When it comes to allergies and cats, many people think of cats as the cause. What you may not realize is that cats can have allergies, too. In fact, they can be allergic to a lot of the same things we are, such as foods, grasses, pollen, and dust. That means they can feel as lousy as we do when allergy season is in full bloom. Luckily, there are some things you can do to help your feline friend with their seasonal scratching or sniffles. 

Symptoms of Allergies in Cats

How do you know if your cat has allergies? Like dogs, cats often express their reaction to allergens through their skin. You may see one or more of these common signs.

  • Scratching at the skin and ears
  • Excessive grooming (leading to fur loss)
  • Hot spots 
  • Chewing on paws
  • Skin issues such as dry, patchy areas or rashes
  • Skin or ear infections
  • Watery eyes
  • Runny nose
  • Sneezing or coughing
  • Wheezing
  • Irritability
  • Lethargy

Cat scratching its back on a rug

How are Seasonal Allergies in Cats Diagnosed?

As you can see from the list above, many signs of allergy can also be signs of other problems such as skin or respiratory infection. If your cat is experiencing any signs or symptoms that are new, changing, or concerning to you, it is very important to take your cat to the veterinarian for a thorough examination.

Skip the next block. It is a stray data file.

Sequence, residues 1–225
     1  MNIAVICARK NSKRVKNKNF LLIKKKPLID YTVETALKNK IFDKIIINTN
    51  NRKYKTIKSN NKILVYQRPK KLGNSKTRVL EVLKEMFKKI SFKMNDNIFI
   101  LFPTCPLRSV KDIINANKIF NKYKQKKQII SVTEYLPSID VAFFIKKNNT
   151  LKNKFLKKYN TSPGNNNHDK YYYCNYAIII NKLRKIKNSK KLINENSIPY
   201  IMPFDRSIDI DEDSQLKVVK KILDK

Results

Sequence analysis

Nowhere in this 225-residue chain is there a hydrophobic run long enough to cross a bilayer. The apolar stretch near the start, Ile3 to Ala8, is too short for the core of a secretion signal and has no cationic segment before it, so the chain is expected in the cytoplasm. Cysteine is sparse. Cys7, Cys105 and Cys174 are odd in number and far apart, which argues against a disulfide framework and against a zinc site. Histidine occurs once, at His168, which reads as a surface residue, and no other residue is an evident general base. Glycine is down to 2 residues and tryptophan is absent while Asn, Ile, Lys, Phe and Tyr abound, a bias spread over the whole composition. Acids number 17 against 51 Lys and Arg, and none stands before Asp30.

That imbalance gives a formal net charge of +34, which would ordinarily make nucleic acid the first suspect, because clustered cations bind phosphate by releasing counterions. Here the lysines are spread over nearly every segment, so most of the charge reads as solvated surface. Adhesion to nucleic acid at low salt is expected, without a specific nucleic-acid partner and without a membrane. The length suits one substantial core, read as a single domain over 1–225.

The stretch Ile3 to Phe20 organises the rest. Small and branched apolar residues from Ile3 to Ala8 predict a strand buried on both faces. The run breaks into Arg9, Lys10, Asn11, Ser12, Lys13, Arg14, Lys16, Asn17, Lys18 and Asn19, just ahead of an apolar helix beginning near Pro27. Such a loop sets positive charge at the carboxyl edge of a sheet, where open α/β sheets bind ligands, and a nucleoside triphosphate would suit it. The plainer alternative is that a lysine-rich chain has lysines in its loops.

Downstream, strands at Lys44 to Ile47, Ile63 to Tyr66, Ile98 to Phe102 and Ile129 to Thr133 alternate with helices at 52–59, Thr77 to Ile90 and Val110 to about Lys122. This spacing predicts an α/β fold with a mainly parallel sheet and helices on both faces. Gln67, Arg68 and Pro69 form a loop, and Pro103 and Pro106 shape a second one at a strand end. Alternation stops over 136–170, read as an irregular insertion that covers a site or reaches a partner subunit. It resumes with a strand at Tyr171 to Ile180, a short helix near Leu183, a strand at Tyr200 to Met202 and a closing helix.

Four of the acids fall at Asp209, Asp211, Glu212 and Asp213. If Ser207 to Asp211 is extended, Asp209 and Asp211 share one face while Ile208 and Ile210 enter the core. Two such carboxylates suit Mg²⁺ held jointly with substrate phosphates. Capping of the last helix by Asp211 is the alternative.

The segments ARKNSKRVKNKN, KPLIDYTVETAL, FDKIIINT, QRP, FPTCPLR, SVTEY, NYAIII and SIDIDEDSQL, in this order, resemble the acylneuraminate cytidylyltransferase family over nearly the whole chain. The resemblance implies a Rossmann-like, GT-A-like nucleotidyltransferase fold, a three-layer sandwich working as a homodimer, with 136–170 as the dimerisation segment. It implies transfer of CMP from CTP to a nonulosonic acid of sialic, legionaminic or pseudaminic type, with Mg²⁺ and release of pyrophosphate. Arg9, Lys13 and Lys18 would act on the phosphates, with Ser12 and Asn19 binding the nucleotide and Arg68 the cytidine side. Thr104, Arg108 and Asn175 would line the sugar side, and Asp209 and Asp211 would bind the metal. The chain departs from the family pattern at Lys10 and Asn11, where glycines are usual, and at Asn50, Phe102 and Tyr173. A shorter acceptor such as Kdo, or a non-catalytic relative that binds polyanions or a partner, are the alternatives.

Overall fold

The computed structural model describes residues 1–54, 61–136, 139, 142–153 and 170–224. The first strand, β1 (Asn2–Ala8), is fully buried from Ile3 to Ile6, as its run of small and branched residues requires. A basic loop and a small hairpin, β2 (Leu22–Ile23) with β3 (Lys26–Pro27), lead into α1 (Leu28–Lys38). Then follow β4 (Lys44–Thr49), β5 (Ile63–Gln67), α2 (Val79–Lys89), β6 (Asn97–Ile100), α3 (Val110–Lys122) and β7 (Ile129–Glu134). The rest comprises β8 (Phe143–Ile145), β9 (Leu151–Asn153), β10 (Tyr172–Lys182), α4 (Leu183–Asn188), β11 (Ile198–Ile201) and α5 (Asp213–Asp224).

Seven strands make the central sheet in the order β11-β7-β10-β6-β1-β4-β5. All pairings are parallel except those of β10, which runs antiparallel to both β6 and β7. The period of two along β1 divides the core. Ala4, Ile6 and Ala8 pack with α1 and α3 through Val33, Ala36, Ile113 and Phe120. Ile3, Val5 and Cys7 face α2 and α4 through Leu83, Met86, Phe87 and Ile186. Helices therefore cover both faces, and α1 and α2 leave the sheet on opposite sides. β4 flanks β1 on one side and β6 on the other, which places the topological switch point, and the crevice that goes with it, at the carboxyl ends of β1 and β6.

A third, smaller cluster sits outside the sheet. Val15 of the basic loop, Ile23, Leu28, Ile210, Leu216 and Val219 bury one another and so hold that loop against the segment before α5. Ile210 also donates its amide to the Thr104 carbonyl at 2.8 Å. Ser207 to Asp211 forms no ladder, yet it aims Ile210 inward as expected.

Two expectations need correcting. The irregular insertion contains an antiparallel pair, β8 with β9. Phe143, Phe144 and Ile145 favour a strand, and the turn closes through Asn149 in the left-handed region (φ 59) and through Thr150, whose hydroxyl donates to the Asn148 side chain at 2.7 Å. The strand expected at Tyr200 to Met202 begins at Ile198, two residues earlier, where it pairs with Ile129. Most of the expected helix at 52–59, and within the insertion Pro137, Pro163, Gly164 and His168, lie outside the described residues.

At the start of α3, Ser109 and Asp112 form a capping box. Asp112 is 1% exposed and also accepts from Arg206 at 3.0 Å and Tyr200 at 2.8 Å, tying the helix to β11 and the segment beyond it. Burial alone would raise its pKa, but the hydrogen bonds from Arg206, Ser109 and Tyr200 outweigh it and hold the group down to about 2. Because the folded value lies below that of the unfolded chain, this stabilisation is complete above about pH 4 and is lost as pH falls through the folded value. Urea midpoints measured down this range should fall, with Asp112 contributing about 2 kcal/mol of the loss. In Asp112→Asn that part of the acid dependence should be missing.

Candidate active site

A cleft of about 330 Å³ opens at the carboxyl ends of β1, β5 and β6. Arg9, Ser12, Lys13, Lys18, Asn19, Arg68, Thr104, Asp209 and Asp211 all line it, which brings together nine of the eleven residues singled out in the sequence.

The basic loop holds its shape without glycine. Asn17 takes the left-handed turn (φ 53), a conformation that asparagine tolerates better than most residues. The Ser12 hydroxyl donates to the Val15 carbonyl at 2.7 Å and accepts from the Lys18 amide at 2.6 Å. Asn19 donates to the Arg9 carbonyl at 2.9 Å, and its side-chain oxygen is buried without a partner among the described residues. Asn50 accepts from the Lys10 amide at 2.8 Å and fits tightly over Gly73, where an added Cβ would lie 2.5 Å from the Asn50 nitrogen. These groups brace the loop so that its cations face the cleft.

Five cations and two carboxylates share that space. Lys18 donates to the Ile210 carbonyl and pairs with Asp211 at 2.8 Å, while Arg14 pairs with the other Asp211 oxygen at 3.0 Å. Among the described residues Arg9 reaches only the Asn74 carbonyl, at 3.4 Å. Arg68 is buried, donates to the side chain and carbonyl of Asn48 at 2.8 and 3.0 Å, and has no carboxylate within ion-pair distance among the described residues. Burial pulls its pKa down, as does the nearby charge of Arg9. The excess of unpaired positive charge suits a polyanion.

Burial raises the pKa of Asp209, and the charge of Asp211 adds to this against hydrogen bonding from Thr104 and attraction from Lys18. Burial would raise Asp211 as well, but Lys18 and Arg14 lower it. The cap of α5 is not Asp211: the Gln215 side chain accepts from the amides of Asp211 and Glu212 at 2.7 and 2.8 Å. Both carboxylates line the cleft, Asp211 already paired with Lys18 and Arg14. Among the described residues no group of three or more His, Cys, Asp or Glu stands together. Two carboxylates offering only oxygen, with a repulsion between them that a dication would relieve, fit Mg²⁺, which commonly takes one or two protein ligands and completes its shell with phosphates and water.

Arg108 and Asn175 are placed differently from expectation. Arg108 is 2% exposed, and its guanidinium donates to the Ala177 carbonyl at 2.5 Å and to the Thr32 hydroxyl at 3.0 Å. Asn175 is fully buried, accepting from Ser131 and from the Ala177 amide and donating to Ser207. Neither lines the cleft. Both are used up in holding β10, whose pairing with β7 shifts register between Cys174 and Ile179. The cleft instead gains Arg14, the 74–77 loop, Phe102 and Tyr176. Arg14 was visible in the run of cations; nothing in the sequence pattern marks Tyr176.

To help your veterinarian determine if your cat has allergies or some other medical condition, provide a complete snapshot of your cat’s health and behavior. For example, if your cat has always groomed herself at the same time of day but is now grooming herself around the clock, that can be very important information for your vet. Tell your veterinarian about any observations you’ve made related to your cat’s symptoms, including things like:

  • Any environmental changes, especially in their living space (e.g., new house, new room setup, new people or pets)
  • Diet changes
  • Bedding changes
  • Different or worsening symptoms based on exposure to the outdoor environment (this can even mean sitting inside a catio or near an open window)
  • Any topical products used on your cat like shampoos, parasite prevention, sprays, etc. as well as topical products used on other household animals.
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After performing a thorough examination and evaluating the medical history you provided, your veterinarian might recommend some tests to better determine the cause of your cat’s signs, including:

  • Bloodwork. Common bloodwork panels include a complete blood count, biochemistry profile, and other tests like thyroid level. Cats with allergies can have elevations in some types of white blood cells.  Bloodwork can also detect changes in liver and kidney function, for example.
  • Urinalysis. This is a microscopic and chemical evaluation of your cat’s urine that provides information about kidney function as well as any abnormalities like bacteria in the urine.
  • Allergy testing. This is typically performed either by your veterinarian or by a veterinary dermatologist. There are two types of allergy testing in cats: using a blood sample or skin testing where injections of potential allergens are made under the skin. Your veterinarian or veterinary dermatologist will help you interpret the results of the allergy testing.